Were there actually some kind of card a person could carry to identify themselves as a nerd, mine would be laminated. On my night stand you’ll currently find a copy of Carl Sagan’s Pale Blue Dot and a hardback of Neal Stephenson’s Anathem. On my DVD shelves you’ll find far more sci-fi and horror movies than anything else. My hard drives are packed to capacity with games. I go to LAN parties. The only posters hanging in my home office are Tyler Stout prints for The Monster Squad and Inglourious Basterds and a poster my wife made for a movie I tried/failed to make when I was teenager. I actually regret that I’ve never played Dungeons & Dragons. Regret!
Point is, if anyone is supposed to be excited about the prospect of Peter Jackson directing The Hobbit and its untitled sequel, it’s someone like me. But I’m not. In fact, I kind of hope that the deal never gets off of the negotiating table it is currently sitting on.
That’s because I think each entry in a film franchise should be handled by a different filmmaker. Jackson’s Lord of the Rings trilogy is an exception because all three films were conceived out of one unified vision from the beginning. They were produced in tandem with one another and the final yield feels more like a nine-hour-long film that was divided into three parts for marketing convenience. Sure, I have no doubt that Jackson could deliver two more films with the same level of consistent quality that spans LotR, but that’s a boring, safe bet. I’d rather see him move onto new projects that he actually wants to direct, not stay on projects he tried to hire other people to direct.
Almost all film franchises suffer from having one director stay on for more than two films. I suspect it has something to do with a director’s clout on a film increasing hand-in-hand with their staying power on the franchise. Even if they don’t receive an actual producing credit, they might as well have, because each subsequent film feels like their previous film has just gobbled itself and doubled in size. Look at the Pirates of the Caribbean trilogy. On the first film, Gore Verbinski had something to prove. He wanted to take something as basic as a ride at a theme park and turn it into a robust action-adventure blockbuster. And he did just that. Then Dead Man’s Chest came along and he had to turn all of the action and spectacle of the film up to 11. The result was a bit of a bloated runtime, but the overall film was pretty solid. But the third film, At World’s End? It’s like Verbinski was John Doe from Se7en and Pirates of the Caribbean was the fat man and he kept feeding the engorged behemoth more and more of its own self until it died from the lack of nutrition.
I fear the same thing is happening to Harry Potter, too. For me the most rewarding film in that series is Alfonso Curaon’s Prisoner of Azkaban. There’s such a wild, appreciable shift in style on display there that it really was the point for me that defined the Potter franchise as something very special. The producers had realized that hiring Christopher Columbus to make all of the films would dig the franchise into a place of unambitious comfort, so they brought in fresh blood for parts three, four and five. Then they got comfortable. They hired back five’s David Yates for part six as well. And then they brought him back twice more for the final two films, giving him a stylistic monopoly on four of the eight films.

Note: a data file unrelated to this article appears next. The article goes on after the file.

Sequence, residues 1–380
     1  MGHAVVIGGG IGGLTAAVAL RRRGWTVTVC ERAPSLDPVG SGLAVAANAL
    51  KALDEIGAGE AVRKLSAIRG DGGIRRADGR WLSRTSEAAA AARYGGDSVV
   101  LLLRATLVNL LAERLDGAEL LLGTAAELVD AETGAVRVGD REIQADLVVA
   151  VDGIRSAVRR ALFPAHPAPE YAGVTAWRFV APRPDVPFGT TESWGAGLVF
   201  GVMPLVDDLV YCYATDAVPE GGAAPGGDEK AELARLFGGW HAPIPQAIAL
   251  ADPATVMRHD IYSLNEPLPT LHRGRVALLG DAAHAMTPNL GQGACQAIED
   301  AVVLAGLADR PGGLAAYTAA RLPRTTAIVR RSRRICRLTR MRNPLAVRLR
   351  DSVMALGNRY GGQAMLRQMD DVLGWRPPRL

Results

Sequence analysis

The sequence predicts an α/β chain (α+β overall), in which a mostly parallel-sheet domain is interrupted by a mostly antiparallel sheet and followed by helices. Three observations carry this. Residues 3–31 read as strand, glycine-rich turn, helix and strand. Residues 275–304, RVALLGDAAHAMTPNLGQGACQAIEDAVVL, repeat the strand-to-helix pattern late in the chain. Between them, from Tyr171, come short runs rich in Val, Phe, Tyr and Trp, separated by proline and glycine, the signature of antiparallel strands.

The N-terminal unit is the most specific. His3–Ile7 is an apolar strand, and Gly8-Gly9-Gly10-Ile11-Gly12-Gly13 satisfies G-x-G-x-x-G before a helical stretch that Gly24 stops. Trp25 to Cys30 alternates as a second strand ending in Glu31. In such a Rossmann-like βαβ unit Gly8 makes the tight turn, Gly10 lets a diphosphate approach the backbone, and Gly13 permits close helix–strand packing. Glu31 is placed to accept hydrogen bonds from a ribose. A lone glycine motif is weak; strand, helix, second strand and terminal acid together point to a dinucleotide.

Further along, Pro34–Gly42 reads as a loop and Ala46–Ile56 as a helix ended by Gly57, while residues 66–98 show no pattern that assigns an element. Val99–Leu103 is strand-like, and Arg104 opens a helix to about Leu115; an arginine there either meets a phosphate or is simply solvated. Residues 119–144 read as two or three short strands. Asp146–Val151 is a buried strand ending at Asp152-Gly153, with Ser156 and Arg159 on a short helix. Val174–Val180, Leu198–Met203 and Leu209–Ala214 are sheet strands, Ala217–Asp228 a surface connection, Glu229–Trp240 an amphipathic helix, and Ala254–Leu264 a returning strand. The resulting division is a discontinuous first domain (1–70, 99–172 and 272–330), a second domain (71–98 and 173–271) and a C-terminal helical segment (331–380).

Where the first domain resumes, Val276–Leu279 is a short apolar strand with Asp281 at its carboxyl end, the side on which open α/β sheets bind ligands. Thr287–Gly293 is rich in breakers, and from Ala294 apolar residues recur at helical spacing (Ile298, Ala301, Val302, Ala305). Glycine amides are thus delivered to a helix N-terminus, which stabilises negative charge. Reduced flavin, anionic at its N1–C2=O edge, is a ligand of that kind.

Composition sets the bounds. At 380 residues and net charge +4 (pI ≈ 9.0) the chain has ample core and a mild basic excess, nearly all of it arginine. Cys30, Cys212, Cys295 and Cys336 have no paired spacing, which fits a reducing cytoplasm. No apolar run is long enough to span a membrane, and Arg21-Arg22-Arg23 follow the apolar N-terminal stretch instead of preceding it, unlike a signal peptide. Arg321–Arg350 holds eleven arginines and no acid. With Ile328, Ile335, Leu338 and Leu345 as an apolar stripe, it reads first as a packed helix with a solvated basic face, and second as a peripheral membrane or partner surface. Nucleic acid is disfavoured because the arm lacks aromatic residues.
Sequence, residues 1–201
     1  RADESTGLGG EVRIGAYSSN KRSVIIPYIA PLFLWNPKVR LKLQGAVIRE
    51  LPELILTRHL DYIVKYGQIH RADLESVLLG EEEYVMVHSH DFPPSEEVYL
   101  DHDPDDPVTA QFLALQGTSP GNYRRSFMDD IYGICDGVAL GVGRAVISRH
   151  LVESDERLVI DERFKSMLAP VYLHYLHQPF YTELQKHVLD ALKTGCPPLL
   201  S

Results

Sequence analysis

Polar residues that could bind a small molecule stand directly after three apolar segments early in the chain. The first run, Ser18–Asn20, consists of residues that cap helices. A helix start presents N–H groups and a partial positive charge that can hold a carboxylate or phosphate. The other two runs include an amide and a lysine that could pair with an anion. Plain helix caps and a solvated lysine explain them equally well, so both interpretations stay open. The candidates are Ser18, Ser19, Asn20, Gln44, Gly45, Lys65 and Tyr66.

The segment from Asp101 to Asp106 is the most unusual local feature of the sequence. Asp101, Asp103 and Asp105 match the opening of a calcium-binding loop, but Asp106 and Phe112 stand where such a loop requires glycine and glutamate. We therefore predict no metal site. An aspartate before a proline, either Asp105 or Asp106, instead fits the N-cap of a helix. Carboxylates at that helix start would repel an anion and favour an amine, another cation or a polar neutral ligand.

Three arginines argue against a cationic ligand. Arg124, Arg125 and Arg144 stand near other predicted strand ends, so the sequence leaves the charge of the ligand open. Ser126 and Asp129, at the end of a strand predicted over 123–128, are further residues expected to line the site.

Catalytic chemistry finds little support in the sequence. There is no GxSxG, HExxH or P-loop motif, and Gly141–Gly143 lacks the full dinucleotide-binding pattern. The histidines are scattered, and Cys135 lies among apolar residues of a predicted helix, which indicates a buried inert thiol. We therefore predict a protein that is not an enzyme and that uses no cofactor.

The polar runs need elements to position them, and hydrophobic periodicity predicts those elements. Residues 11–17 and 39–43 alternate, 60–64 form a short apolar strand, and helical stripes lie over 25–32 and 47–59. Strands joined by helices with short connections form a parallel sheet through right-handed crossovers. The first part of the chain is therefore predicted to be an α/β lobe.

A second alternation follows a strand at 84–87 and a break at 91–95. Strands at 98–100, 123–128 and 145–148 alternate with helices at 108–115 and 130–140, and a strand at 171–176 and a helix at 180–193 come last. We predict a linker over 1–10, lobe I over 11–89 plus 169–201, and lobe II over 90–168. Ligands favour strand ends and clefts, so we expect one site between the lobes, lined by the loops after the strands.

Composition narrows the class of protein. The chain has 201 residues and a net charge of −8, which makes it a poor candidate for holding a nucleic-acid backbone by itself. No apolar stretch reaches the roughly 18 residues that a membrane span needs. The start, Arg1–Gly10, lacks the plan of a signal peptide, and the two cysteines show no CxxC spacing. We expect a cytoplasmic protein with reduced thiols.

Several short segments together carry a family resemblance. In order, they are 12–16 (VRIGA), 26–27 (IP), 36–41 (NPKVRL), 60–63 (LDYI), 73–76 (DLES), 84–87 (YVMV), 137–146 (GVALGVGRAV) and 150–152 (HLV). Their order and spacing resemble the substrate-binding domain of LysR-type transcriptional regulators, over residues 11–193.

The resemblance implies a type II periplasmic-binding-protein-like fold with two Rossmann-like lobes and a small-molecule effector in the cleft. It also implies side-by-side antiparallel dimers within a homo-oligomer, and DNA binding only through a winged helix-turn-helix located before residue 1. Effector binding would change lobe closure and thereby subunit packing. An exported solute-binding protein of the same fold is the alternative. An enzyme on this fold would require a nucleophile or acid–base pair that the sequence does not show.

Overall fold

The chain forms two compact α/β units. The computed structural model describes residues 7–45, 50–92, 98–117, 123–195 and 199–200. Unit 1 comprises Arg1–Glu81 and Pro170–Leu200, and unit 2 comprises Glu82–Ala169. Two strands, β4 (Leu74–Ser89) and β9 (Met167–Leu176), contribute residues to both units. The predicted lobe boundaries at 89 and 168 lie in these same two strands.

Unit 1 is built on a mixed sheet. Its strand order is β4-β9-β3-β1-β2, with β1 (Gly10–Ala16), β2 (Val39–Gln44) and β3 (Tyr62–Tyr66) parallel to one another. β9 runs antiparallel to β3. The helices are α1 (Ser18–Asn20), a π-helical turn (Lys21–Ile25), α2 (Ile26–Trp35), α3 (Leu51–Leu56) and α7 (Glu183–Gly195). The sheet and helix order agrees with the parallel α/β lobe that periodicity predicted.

Sure, the trailer for Yates’ Harry Potter and the Deathly Hallows is well cut and the movies look like they’re going to send the franchise out on one hell of a high note, but the trailers for Order of the Phoenix and Half Blood Prince were each fantastic as well. The films, however, both confused the story’s core elements of conflicted friendships for emo brooding and ended up excising the most thrilling moments from their respective books. They’re not bad films; they just don’t inspire the franchise to new heights the way a new director would. Splitting Deathly Hallows into two parts certainly allows for considerably more breathing room, which should mean that nothing important from the books will end up on the cutting room floor, but I’m still only cautiously excited for the films due entirely to Yates’ continued involvement.
There’s just something great about the wildcard, about a director coming into a proven blockbuster franchise and having to stay on their toes as “the new guy.” Even if they don’t deliver the best entry of their series, they almost always deliver a unique product. After Guillermo del Toro officially left The Hobbit, the first name to be rumored for the director’s chair was District 9’s Neill Blomkamp. There’s nothing about his work to date that would make me think he’s a good pick for elves and dwarves and wizards, but that’s why the prospect of the rumor was so enticing. I didn’t actually want Blomkamp to direct simply because I’d want someone who has only worked on his own original scripts to keep working on his own original scripts, but had the papers been signed I would have been incredibly excited to see what a Blomkamp Hobbit would look like.
I know exactly what a Peter Jackson Hobbit would look like. And that’s the problem. I don’t want to see five films all telling relatively the same story from the same filmmaker. I want fresh blood for The Hobbit. I don’t want a director who is so far into his comfort zone that he becomes blind to mistakes he’s making. I don’t want another Spider-Man 3, Pirates of the Caribbean: At World’s End, Back to the Future III, or Indiana Jones and the Kingdom of the Crystal Skull. My nerdiness cannot abide another disappointment on that scale.